Little Green Pig Theatrical Concern surprises once again. After opening their season by standing Shakespeare’s examination of power politics in Richard II on its head, LGP’s Power Season continues with two short little-known Eastern European absurdist works by Polish-born (1930) playwright Slawomir Mrozek. Derklöwnschpankeneffeckt: two plays for klöwn continues at Manbites Dog Theater (Other Voices series) through April 6.
Mrozek defected from Communist Poland in 1963 and became a French citizen in 1978, but his earlier life-experience during the era of Stalin enabled him to deftly skewer totalitarian politics and practices while looking at the reasons people fail to defy them. Self-preservation is at the top of that list, and these works are dated by the complete inability of the characters in both plays to ally themselves against the forces of fate or government arrayed against them. In 1961 when Out at Sea and Striptease were written, Solidarność, the Polish Solidarity movement that eventually dismantled the Soviet bureaucracy in Poland, wasn’t even a gleam in an intellectual’s eye.
Out at Sea presents a classic moral conundrum. Three men, supposedly lost at sea, are starving to death. Someone must be eaten. But who? Will it be the struggling Thin (Jay O’Berski)? Will it be bossman Fat (Carl Martin)? Or maybe his sycophant, Medium (Jeffrey Detwiler)? Or will something occur to save them? The three men, very crafty actors all, rock and stumble in their tossing boat to a set of interwoven rhythms laid down by director Michael O’Foghludha. A sometime drummer, O’Foghludha spends his days deeply concerned with fairness and justice and the power of the state, as an elected Superior Court judge. His acute insight into the material, his propensity for rhythmic structuring, and the superb physical skills of the actors combine to make theater that is as much dance as play. O’Berski and Detwiler have an energy flow between them that makes me think of lit dynamite being tossed back and forth; with Martin in the mix, the sense of danger only increases. These three move so seamlessly together to convey all the nuances of power negotiations that the words, as funny as they are, become secondary. Nicola Bullock choreographed.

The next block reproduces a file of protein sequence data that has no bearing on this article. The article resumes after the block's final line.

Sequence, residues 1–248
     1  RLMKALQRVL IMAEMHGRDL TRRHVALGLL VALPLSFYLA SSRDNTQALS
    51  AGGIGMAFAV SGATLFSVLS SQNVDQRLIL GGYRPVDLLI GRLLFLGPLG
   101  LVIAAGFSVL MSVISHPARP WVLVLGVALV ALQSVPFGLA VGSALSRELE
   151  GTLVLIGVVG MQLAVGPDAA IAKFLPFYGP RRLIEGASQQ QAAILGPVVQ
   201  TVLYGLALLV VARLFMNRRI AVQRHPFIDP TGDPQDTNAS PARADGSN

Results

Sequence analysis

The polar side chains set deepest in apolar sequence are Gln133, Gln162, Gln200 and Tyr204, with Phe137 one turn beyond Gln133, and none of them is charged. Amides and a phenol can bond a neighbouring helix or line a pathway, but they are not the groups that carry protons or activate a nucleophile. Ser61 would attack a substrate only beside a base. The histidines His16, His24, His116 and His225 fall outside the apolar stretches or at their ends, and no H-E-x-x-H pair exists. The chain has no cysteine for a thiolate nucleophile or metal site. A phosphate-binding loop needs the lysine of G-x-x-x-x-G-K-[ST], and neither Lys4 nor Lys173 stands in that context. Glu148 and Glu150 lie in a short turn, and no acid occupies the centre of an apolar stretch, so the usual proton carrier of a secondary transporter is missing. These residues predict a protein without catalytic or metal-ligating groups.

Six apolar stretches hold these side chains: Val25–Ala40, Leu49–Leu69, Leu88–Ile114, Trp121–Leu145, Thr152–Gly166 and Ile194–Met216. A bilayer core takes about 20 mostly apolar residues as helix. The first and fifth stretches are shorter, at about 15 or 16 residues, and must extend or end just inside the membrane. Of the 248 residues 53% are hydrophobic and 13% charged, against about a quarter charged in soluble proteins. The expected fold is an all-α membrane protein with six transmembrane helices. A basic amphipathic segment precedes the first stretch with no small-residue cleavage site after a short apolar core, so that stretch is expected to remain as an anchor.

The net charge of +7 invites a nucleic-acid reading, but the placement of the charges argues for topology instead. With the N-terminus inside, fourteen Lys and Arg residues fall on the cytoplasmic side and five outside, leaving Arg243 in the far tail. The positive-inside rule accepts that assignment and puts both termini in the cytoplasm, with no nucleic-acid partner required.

But to see just Detwiler and O’Berski together in Striptease is fabulous. These two go way back together, and have together made some of the most memorable stage images in the Triangle since 1993. In Chelsea Kurtzman’s excellent costumes and Chad Evans’ clever set, they make another here. Striptease is a more focused play, and they tear into it with all the force their mutual trust and anarchic tendencies make possible. Their comic timing is, by this time, natural to them, and director O’Foghludha takes full advantage it as he explores Mrozek’s exploration of the meaning of freedom–a quest never out of date.
The sheer amount of brain power at work in this production is awesome–the director and actors are very well served by the sharp work by all the designers. Sound designer Quaran Karriem and lighting designer R.S. Buck made the atmosphere. Alex Maness contributed photography and video; he, Kurtzman, Stephanie Waaser and the ubiquitous Jenn Evans created the large special effects in the second play.
If you care at all about the relationship between individual and government, or perhaps you feel the hand of government reaches too far and takes too much, you’ll want to see these plays. If you just want to laugh, it is OK to go for that alone.